The “object” that will cause the illumination of the surface may not only be an inanimate object but also a person; when used as a floor, the surface can be rendered illuminating by walking across it.
The advantage of the present invention is that the area of the illuminating surface that emits light is larger than the area of the object; since the object will block light from the surface in contact with the object, such an arrangement increases the level of illumination provided by the surface. This is advantageous when the illuminating surface is used to light a walker's passage across a room and for decorative effect.
The light sources will continue to emit light even after the object has been removed; this again increases the level of illumination provided by the illuminating surface and its decorative effect. In addition, it can be used for security purposes to show, for example, the passage of someone who has crossed a room.
It is possible to link all or some of the light sources to a microprocessor so that they can be illuminated prior to a person walking across the surface to mark a path across the surface. However, that requires conductive paths between the microprocessor and the light sources that increases the complexity of the system but it is a possible additional feature of the present invention if the effect is thought worthwhile in view of the additional complexity.
There will now be described, by way of example only, two embodiments of an illuminating surface according to the present invention by reference to the accompanying drawings in which:
Referring initially to
The circuit comprises a switch 12 connected between a source of potential 14 (e.g. about 12 volts so that the floor does not carry high potential, which could be hazardous) and the base terminal 16 of a Darlington NPN transistor 18. The circuit also includes a light emitting diode (LED) 20 connected between the transistor 18 and the potential source 14; a resistor 22 is included between the potential source 14 and the light emitting diode 20. A capacitor 24 is connected in parallel with the switch 12 and a resistor 26 is connected in series between the switch 12 and the base terminal 16. Lines 28 connect adjacent circuits 10 via resistors 30. A connection 32 is introduced between lines 28 of each circuit and the resistor 26 so that potential can be applied from line 28 via resistor 26 to the base terminal 16 of transistor 18.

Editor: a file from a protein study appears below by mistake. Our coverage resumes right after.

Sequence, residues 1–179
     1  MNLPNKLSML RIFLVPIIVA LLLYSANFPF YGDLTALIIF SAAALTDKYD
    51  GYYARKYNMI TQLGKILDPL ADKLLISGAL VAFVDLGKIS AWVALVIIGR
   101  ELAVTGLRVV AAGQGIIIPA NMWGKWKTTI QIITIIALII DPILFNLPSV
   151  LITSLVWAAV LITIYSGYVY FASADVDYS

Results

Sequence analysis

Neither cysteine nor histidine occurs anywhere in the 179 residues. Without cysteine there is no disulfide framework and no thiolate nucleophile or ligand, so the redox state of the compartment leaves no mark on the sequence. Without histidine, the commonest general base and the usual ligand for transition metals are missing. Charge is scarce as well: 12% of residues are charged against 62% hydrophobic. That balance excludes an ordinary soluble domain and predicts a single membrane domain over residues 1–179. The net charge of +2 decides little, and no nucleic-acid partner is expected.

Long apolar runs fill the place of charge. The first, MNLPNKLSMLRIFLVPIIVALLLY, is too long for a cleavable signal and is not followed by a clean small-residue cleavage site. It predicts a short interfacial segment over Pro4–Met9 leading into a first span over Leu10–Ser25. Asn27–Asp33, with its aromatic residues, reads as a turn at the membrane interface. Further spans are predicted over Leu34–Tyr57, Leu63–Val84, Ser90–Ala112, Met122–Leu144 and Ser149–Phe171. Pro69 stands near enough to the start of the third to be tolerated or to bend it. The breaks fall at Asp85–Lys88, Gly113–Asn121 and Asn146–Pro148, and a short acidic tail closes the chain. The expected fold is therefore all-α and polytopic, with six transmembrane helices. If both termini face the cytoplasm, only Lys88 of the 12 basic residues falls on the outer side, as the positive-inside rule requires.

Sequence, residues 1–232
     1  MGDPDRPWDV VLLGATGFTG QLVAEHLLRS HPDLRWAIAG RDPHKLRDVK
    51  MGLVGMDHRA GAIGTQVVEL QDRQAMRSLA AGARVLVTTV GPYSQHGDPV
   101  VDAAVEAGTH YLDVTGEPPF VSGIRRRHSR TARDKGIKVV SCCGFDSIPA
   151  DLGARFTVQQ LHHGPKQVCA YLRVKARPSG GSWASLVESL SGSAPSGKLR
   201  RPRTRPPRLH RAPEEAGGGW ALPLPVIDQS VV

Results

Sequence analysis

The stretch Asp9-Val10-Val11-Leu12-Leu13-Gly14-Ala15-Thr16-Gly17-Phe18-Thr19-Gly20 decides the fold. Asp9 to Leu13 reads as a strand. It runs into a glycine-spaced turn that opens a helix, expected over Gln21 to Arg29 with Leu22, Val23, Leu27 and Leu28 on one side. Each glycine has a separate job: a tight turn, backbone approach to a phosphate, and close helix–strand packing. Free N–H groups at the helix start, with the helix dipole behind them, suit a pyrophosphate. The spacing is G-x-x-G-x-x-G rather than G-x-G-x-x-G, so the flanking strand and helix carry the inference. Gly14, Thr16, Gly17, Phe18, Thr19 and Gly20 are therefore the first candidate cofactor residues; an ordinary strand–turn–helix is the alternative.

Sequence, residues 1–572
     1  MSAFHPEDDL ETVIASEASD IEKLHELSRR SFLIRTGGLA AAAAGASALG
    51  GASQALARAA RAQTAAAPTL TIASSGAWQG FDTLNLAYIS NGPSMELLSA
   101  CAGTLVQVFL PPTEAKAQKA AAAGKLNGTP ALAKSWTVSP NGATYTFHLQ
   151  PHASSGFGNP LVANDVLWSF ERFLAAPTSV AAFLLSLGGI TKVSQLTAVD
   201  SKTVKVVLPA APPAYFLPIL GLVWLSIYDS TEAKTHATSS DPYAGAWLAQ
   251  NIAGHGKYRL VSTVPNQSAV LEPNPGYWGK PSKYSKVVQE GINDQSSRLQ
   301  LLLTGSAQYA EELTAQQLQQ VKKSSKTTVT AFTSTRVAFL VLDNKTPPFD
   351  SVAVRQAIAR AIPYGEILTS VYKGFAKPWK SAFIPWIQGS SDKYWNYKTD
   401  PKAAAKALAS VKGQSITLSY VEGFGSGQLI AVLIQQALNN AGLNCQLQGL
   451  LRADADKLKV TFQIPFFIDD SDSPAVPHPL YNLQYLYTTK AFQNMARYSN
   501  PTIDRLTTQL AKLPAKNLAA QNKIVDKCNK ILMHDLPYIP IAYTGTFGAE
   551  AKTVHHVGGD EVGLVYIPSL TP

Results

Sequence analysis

The emitter terminal of transistor 18 is connected to a negative potential source or, more generally, to earth.
Transistor 18 is only conductive above a threshold potential applied at base 16. When the switch 12 is open (as shown) the potential applied to the base 16 of the transistor 18 is below the threshold and accordingly current cannot flow through the transistor and so LED 20 remains unilluminated. In this condition, the capacitor 24 will be charged. When the switch 12 is closed, a potential is applied from terminal 14 to the base 16 via resistor 26 that renders the transistor 18 conductive and so current passes through the LED, which emits light. At the same time, capacitor 24 is discharged.
In addition to applying potential to the transistor 18 of its own circuit, G, the potential from terminal 14 is applied to the four adjacent circuits C, F, H and K (see
Because of the presence of resistors 30, the potential applied to base 16 of circuit K will be less than that applied to the base 16 of circuit G (assuming the switch 12 of circuit K remains open). In addition, it will take a greater amount of time for the base terminal 16 of circuit K to reach the threshold potential due to the need to partially discharge capacitor 24 of circuit K with the current supply from circuit G. Thus, LED 20 of circuit K starts emitting light slightly after the LED of circuit G.